September 5, 1977 - The Voyager I space probe is launched from Cape Canaveral

Voyager I

This probe, sent to observe the outer planets, flew over Jupiter on March 5, 1979, and Saturn on November 12, 1980.

This probe carries with it a gold disc containing:

  • 90 minutes of a selection of music from various world cultures
  • Greetings in 55 languages
  • Greetings from the then Secretary General of the United Nations
  • The essay "Sounds of the Earth" which is a mixture of characteristic sounds of the planet
  • 115 images where the location of the solar system, the units of measurement used, characteristics of the Earth and characteristics of the body and human society are explained in scientific language
    Voyager Gold Record

    This disc was devised by a scientific committee chaired by the astronomer Carl Sagan, who, referring to the message, assured that its main objective is not that it be deciphered, but rather that by the fact of its simple existence it already reveals that of humans, as well such as efforts to contact other intelligent species that may exist outside the solar system.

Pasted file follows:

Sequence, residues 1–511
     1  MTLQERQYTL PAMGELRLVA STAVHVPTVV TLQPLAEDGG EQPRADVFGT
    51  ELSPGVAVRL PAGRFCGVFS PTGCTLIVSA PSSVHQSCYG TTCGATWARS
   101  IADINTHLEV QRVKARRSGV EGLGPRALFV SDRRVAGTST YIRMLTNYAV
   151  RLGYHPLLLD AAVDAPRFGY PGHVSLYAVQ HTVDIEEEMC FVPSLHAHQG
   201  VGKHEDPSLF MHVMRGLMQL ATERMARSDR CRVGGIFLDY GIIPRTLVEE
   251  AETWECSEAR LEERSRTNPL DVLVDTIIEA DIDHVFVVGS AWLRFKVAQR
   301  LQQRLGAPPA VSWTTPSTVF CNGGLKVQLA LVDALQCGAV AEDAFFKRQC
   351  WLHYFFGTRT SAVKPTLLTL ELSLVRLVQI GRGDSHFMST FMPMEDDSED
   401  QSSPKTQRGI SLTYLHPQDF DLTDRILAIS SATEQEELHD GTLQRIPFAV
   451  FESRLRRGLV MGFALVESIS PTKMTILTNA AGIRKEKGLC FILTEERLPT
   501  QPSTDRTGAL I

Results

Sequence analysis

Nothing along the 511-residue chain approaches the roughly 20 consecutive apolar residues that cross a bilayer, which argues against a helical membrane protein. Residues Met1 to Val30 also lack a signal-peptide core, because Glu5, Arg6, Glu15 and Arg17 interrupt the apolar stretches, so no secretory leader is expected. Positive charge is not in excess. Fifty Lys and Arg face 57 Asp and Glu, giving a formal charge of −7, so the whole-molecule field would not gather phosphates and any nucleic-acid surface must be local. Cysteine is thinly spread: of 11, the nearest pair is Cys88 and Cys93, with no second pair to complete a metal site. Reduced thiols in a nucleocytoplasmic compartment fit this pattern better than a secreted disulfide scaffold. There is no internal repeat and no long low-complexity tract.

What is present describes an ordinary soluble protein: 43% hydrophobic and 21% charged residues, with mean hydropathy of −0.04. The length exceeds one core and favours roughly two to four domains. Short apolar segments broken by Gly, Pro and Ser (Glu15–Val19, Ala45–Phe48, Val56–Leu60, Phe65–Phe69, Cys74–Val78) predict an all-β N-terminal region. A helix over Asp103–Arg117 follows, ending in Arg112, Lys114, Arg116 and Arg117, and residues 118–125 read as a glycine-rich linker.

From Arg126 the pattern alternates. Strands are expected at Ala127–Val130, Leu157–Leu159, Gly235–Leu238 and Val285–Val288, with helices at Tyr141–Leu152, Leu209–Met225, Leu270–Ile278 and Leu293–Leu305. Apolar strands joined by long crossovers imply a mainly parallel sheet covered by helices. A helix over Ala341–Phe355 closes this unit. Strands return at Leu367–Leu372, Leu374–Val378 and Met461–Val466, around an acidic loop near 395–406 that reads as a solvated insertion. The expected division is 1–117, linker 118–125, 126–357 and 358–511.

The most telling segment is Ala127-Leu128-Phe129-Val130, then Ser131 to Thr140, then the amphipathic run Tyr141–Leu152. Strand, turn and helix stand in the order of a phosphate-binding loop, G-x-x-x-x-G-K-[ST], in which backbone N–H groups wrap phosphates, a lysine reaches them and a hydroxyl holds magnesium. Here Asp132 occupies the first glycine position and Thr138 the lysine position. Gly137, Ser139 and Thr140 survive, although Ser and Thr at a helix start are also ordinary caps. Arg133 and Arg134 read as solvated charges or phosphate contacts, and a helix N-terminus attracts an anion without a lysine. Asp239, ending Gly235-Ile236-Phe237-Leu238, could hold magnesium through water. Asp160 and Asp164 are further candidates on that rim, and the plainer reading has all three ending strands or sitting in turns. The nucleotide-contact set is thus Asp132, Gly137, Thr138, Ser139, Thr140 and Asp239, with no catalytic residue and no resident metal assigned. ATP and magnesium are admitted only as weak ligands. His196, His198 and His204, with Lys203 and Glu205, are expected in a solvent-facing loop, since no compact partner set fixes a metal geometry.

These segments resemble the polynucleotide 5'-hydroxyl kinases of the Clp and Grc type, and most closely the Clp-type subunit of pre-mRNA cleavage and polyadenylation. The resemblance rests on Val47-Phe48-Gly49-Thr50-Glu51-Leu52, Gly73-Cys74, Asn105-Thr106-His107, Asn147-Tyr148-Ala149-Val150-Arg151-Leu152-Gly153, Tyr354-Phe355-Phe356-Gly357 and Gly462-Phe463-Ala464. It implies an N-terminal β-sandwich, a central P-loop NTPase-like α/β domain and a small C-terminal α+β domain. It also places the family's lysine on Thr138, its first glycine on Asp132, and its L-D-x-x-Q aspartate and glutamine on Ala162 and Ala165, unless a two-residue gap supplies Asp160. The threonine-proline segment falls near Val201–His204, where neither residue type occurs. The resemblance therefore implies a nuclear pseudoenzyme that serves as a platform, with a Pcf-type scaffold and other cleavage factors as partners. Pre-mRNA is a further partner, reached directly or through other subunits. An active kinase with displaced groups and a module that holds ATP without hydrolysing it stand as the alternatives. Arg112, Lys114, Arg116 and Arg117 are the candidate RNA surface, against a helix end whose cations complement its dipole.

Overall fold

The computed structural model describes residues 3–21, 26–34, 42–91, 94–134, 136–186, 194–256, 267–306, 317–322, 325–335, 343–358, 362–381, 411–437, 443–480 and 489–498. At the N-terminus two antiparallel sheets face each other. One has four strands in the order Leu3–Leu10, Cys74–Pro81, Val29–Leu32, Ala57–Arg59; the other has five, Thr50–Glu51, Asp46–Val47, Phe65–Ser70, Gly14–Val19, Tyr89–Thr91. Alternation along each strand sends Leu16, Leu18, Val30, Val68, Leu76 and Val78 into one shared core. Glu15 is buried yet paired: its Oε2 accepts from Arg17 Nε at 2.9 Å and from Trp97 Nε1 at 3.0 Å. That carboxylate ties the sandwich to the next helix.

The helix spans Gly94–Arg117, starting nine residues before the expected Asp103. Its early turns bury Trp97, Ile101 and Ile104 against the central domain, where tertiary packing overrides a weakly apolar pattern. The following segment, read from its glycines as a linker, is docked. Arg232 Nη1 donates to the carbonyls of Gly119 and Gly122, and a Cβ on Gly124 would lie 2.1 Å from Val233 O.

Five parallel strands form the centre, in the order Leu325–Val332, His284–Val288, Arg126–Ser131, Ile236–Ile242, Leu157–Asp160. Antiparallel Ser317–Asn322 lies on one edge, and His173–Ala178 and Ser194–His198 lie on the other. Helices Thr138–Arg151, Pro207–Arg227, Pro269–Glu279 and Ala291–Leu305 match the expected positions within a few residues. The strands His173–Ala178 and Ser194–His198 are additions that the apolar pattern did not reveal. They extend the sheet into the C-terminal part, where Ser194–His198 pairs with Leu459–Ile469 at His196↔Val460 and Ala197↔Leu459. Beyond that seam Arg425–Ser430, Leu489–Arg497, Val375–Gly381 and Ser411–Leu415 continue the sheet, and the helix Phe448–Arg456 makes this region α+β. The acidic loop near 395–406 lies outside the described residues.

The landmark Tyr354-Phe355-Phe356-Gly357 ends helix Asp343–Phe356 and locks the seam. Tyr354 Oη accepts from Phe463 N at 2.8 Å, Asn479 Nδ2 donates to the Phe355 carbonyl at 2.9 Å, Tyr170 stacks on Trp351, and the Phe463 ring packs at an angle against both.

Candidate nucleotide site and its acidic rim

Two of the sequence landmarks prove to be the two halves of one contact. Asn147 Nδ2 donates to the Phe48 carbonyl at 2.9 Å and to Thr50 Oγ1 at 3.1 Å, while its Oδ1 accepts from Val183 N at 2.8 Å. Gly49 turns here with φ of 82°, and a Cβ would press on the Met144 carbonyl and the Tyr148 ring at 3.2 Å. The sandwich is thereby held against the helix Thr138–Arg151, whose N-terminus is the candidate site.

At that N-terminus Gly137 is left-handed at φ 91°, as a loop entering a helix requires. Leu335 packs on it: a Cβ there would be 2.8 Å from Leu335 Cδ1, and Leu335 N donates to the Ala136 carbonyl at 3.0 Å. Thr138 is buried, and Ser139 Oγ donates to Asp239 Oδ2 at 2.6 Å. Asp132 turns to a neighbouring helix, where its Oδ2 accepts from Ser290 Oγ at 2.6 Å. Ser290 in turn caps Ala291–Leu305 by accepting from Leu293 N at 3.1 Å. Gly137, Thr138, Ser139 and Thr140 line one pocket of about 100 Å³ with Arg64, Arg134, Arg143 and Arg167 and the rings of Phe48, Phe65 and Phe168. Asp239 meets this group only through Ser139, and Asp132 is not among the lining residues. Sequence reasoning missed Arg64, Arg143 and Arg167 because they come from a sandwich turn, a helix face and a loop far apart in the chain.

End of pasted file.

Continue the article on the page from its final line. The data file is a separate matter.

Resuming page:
Voyager I studies the Outer Solar System, has already passed the zone called heliopause and is in interstellar space. It crossed over on September 13, 2013, becoming the first man-made object to reach this region.

    There is a second probe, Voyager II, and both have become the farthest artificial instruments ever sent by humans. To do so, the ships contain nuclear electrical generators that allow their scientific instruments to continue to function.

    The mission, which was projected to last five years, celebrated its fortieth anniversary in 2017. NASA scientists continue to receive data from the Voyager probes via the Deep Space Network (DSN).

    Voyager - Complejo Comunicaciones Madrid

    The signals sent from MDSCC (Madrid Deep Space Communications Complex) to Voyager 1 take 14 hours and 20 minutes at the speed of light to reach it and the same time to return (28 hours 40 minutes in total). And it keeps walking away.

    Currently, due to budget problems, the project is controlled by a group of only 10 people belonging to the Jet Propulsion Laboratory, which could cause the mission to be abandoned in the near future, leaving both probes to continue on their way without anyone there. to hear them on Earth.

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